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The Story That Got You Here

Here’s what I already know about you, even if we’ve never met. You were conceived and developed in your mother’s womb, during which time you were physically attached to her by an umbilical cord that delivered the oxygen and nutrients you needed. That was your paradisal “garden of Eden,” where everything you required was instantly provided and you wanted for nothing.

Eventually you were expelled from Eden, detached from its provident environment and deposited in a very different space with cold air, bright lights, and loud noises all around you. It wasn’t long before someone took you in their warm embrace (likely your mother) and gave you breast milk or formula to drink. This is the true origin of “comfort food.”

Thus began a new era of attachment, this time emotional rather than physical. Your mother or principal caregiver would be your secure base for years to come, serving archetypally to shape and condition your primal impressions associated with intimacy. Your own emotions were entrained with hers, and you wouldn’t even regard her as “someone else” for quite some time.

Gradually you did detach sufficiently from mother to establish your own center of agency and self-control. Those early feelings and reflexes around intimacy, however, have continued to support and complicate your adventures in relationship ever since. If one or both of you had trouble letting go, or if you tried to manipulate each other emotionally in a codependent relationship, those same habits have likely caused trouble for you over the years.

We all tend to default to our Inner Child when we feel stressed, tired, threatened, or in pain – and relationships can be very stressful.

During this same time, your tribe – including other taller powers, possible siblings, and a growing society of peers – was busy downloading and installing in you all the ideas, values and judgments that comprised their collective worldview and way of life. This ideology functioned to frame your perspective and filter your experience of reality. So, just as you were gaining some detachment emotionally from mother and others, you were also attaching intellectually to this shared ideology and finding your place in the world.

Even though ideology sounds very heady and abstract, it is actually rooted in just a few very deep stories or “foundational myths” that you and others around you constantly recite. You do this in formal and informal gatherings, but even when you are by yourself these stories circulate as the “self-talk” in your mind.

They filter out anything in reality that’s not compatible with your running script, or else they spin meaning around it in order to make it so.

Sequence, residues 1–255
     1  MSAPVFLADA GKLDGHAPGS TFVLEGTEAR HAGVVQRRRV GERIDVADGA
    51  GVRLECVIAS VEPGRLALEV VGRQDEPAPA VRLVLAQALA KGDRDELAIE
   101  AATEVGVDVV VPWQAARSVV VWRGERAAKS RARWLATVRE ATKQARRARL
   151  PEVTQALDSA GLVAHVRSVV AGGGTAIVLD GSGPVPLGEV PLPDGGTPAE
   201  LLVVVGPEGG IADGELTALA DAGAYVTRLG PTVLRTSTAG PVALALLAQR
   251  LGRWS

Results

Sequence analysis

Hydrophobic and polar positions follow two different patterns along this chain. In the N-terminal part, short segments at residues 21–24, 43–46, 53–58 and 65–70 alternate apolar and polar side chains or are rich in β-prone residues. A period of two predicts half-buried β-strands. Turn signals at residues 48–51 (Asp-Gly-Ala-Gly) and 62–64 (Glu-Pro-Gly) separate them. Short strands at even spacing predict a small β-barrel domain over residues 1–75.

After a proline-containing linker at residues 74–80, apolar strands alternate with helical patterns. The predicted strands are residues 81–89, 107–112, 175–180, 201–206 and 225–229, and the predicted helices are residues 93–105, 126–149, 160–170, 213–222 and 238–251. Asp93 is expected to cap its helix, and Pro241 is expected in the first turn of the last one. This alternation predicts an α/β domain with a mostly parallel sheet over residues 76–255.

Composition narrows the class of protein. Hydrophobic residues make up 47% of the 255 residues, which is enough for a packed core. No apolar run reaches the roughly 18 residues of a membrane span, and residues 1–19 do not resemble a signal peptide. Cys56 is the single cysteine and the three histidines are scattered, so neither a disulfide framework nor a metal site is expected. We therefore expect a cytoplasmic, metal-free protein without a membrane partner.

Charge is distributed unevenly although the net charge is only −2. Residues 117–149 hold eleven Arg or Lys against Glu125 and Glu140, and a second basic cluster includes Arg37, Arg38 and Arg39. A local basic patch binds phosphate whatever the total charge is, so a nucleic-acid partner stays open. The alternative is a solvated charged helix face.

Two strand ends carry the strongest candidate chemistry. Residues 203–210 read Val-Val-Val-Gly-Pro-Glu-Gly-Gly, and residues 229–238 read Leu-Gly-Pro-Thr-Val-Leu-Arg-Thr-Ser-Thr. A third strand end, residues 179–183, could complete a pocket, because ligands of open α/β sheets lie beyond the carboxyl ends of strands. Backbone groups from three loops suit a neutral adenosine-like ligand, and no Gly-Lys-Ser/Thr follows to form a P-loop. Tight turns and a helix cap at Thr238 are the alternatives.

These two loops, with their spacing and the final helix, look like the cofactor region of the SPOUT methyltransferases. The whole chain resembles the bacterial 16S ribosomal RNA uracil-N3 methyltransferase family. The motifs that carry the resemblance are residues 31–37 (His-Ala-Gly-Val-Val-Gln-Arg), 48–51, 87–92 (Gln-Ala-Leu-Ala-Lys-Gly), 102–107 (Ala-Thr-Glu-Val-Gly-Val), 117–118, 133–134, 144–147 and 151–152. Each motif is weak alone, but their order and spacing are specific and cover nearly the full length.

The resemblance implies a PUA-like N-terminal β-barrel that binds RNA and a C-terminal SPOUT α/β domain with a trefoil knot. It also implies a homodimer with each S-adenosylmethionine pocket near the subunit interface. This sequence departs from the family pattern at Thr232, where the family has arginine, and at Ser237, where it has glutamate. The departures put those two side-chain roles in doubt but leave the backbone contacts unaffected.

At base, this recycled anthology of stories – let’s call it your mythology – both reflects and helps you negotiate your relationships with others. And just as the branches of a tree reach up and conspire to create an overarching canopy, all of these stories intertwine overhead, so to speak, in the construction of your world, the habitat of meaning where your personal identity and tribal memberships are held.

So far, so good? You lived for nine months or so inside the primordial paradise of your mother’s womb, physically attached to her by an umbilical cord. Then you were born and proceeded to attach yourself emotionally to her and others around you. By the narrative technology of stories recited to you, with you, and eventually by you, an intellectual attachment – which I will now call belief – was formed to the ideas, values, and judgments of your tribe.

The energy that binds your intellectual attachment to some idea or other is a carry-up from the emotional dynamics of your Inner Child, a personality complex with roots in those deep unconscious reflexes around intimacy and belonging. There is the idea or formal statement of the idea, and then there is your emotional commitment to its truth. Your commitment is what makes it a belief.

For a reason you probably can’t explain, you simply need it to be true.

Some beliefs are so strongly anchored to the foundational myths of your tribe (and thus also to who you are as a member of your tribe), that defending them is not really a matter of how realistic, reasonable, or relevant they happen to be, but how “confessional” they are of your shared identity as insiders.

To question them would tamper with the very meaning of your existence; and challenging their validity is tantamount to committing apostasy.

Besides, your canopy of meaning works well enough, right? It maintains your membership, confirms who you are in the world, and allows you to carry on with your daily affairs. But does it facilitate your contact with reality, with what is really real?

Those especially strong beliefs, so strong that they prohibit you from questioning or even recognizing them as constructs of meaning and not the way things really are, go by the name “convictions.” They hold your mind captive, just like a convict in a prison cell. And because such beliefs tie you back to your Inner Child – not your trusting innocence in this moment but to an “old” pattern of insecurity and feelings of helplessness – convictions are by definition intellectually primitive and pragmatically obsolete.

There is a part of you – we’ll call it your Higher Self – that is aware of the fact that your beliefs and the stories behind them are constructions of meaning and not the way things really are. Reality itself is beyond words and explanations, a present mystery that eludes every attempt of your mind to pin it down and box it up. Naturally, your Inner Child wants to keep this realization from entering conscious awareness, as it threatens to unravel the world you have weaved together so meticulously over the years.

If it should be true that your identity and life’s meaning are only “made up,” then what would be left? Your existence would be perfectly meaningless.

Another way of saying this is that reality is indescribably perfect, just as it is: without words, transcendent of your thoughts and stories about it. It’s not just that words can never fully capture its mystery, but that its mystery is ineffable – unspeakable, prior to language, and always Now.

To throw your words and stories around it is like dipping a bucket in a river. What you have is a mere bucket of water: while perhaps useful for something, it is not the river itself. Furthermore, your bucket-shaped extraction is already nothing more than a tiny sample record of the river as it was then, not as it is right now.

This realization is both a spiritual breakthrough of present awareness and a kind of apocalypse for the world you’ve constructed around yourself. Whether it’s more breakthrough or breakdown will depend largely on the strength of your convictions, how persistent they are in making you intolerant of reality.

But not to worry: when the curtain opens or goes up in flames, you will finally see things just as they are.

Once you’re on the other side of meaning, life just makes a lot more sense.